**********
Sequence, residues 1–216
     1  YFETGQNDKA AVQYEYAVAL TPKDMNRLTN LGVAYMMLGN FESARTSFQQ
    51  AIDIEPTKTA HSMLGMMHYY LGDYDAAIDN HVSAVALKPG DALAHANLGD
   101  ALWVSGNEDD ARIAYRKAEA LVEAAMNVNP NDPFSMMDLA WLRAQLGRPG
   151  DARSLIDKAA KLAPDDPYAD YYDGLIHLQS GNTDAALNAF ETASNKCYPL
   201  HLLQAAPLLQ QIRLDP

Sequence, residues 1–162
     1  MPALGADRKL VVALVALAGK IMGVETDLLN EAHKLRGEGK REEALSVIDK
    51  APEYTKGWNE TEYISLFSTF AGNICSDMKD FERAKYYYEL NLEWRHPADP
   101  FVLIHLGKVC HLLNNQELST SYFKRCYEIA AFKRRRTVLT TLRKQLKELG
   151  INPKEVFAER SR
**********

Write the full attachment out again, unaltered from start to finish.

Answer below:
Sequence, residues 1–216
     1  YFETGQNDKA AVQYEYAVAL TPKDMNRLTN LGVAYMMLGN FESARTSFQQ
    51  AIDIEPTKTA HSMLGMMHYY LGDYDAAIDN HVSAVALKPG DALAHANLGD
   101  ALWVSGNEDD ARIAYRKAEA LVEAAMNVNP NDPFSMMDLA WLRAQLGRPG
   151  DARSLIDKAA KLAPDDPYAD YYDGLIHLQS GNTDAALNAF ETASNKCYPL
   201  HLLQAAPLLQ QIRLDP

Sequence, residues 1–162
     1  MPALGADRKL VVALVALAGK IMGVETDLLN EAHKLRGEGK REEALSVIDK
    51  APEYTKGWNE TEYISLFSTF AGNICSDMKD FERAKYYYEL NLEWRHPADP
   101  FVLIHLGKVC HLLNNQELST SYFKRCYEIA AFKRRRTVLT TLRKQLKELG
   151  INPKEVFAER SR